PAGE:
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Florida’s New Data Breach Notification Law And What It Means for Florida Businesses




by:
Jack Pringle
Adams and Reese LLP - Columbia Office

 
August 4, 2014

Previously published on July 15, 2014

The Florida Information Protection Act of 2014 (the “Act”) became effective July 1, 2014 and replaced Florida’s previous data breach notification law. Under the Act, all Florida businesses must take “reasonable measures to protect and secure data in electronic form containing personal information.”

The Act broadens the definition of “personal information” that businesses must protect, modifies the notification timeframes in the event of a “breach of security,” and requires notice to the Florida Attorney General (AG) in certain instances.

All businesses operating in Florida need to know what “personal information” they collect and store, how they protect “personal information” in compliance with the Act, and how they will respond in the event of a “breach of security”.

Several changes brought about by the new law are highlighted below.

The Act Expands the List of “Personal Information” That Businesses Must Protect

Personal information can be used to accomplish identity theft and other actions that have negative financial consequences for individuals. The Act expands the definition of “personal information” to include:

  • an individual’s user name or e-mail address, in combination with a password or security question and answer that would permit access to an online account;
  • an individual’s full name plus passport number medical history, treatment or diagnosis information; health policy number or unique health insurance identifier.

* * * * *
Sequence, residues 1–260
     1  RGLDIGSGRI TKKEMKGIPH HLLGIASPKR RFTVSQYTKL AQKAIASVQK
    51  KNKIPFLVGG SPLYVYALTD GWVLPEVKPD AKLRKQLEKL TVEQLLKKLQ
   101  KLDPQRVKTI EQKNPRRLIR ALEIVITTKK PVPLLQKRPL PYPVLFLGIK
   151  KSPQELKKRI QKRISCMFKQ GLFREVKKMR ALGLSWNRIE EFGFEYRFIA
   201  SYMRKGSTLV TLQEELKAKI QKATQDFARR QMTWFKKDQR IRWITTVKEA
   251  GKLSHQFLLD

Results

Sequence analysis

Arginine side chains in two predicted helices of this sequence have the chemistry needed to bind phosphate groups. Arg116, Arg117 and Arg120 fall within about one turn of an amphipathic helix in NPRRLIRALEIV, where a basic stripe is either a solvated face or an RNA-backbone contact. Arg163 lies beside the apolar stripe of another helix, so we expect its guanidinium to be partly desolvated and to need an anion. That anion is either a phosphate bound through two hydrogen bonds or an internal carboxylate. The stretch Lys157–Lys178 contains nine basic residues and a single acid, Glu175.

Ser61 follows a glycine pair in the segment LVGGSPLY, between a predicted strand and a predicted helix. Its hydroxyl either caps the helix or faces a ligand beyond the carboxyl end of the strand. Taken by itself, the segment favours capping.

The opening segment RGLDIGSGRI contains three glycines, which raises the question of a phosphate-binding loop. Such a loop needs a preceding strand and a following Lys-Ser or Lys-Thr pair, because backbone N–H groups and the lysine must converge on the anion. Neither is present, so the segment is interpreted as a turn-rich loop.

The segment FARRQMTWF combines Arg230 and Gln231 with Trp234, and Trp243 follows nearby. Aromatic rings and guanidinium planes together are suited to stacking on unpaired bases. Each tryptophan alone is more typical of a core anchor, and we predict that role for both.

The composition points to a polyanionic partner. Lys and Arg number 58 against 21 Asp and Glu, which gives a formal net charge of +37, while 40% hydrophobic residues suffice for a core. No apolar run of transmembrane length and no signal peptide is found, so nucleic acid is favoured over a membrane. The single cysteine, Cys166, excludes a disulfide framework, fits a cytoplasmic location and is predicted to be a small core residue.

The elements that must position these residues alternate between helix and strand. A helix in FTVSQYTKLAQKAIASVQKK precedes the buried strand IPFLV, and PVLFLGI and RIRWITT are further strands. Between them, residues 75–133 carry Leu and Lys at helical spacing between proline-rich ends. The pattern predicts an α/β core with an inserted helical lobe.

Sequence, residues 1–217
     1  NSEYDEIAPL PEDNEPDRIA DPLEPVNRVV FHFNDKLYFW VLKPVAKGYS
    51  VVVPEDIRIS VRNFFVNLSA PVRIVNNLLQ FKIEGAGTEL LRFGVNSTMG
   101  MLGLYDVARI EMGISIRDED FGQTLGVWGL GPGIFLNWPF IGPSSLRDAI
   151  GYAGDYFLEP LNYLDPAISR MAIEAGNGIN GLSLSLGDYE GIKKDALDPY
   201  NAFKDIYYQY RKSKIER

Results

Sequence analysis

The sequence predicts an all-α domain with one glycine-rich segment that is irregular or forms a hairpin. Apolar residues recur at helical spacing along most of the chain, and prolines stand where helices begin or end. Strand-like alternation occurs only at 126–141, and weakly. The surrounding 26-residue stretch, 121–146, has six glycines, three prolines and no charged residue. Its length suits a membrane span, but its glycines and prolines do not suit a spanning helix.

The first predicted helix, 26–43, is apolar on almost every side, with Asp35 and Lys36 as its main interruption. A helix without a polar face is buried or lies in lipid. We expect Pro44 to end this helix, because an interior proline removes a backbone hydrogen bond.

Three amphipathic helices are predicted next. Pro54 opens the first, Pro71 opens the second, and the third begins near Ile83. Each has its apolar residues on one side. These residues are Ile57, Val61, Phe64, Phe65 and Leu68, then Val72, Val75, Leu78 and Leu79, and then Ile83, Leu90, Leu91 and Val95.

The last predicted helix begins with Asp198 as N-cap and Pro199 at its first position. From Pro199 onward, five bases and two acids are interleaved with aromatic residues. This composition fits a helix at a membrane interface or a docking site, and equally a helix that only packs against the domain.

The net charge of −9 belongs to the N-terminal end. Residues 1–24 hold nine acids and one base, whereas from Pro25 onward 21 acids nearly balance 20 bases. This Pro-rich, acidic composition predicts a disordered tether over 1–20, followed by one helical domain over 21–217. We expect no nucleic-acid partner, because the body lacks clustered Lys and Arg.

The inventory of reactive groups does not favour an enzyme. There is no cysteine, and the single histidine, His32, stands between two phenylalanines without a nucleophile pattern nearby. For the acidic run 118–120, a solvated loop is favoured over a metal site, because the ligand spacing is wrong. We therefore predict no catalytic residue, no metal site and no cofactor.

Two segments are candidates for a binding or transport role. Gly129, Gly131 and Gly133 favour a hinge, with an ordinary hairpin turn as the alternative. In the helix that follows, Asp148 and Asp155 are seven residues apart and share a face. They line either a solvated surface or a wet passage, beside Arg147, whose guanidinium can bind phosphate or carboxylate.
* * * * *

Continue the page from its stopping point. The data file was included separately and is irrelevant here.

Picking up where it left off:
An individual’s Social Security number, driver license or identification card number, military identification number, financial account number, and credit or debit card number continue to be “personal information.”

The Act specifically excludes from “personal information” that information that has been encrypted, secured or modified so that it cannot personally identify an individual or be used.

All businesses operating in Florida should consider encrypting or otherwise securing personal information stored in electronic format where feasible.

New And Revised Notice Requirements in the Event of a “Breach of Security”

Provide Notice of a Breach to Affected Individuals Within 30 days (Revised from 45 days)

A business must give notice to every Florida individual whose personal information was or may have been accessed no later than 30 days after discovery of the breach.

Provide Notice to the Florida AG of Certain Breaches

Any breach of security affecting 500 or more individuals in Florida requires the business to notify the AG. The Act generally requires this notice to be provided within 30 days of the discovery of the security breach, and specifies the contents of the notice. In addition, the business must provide certain information to the Attorney General on request, including but not limited to a copy of the business’s “policies in place regarding breaches.”

Does your business have a policy or plan of how to respond in the event of a “breach of security”?

Violations, Enforcement, and Penalties

The Act provides for the assessment of civil penalties of up to $500,000 in the event that a business fails to notify individuals or the AG in violation of the Act.



 

The views expressed in this document are solely the views of the author and not Martindale-Hubbell. This document is intended for informational purposes only and is not legal advice or a substitute for consultation with a licensed legal professional in a particular case or circumstance.
 

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Author
 
Jack Pringle
Adams and Reese LLP
 
Columbia Office
Practice Area
 
Business Law
 
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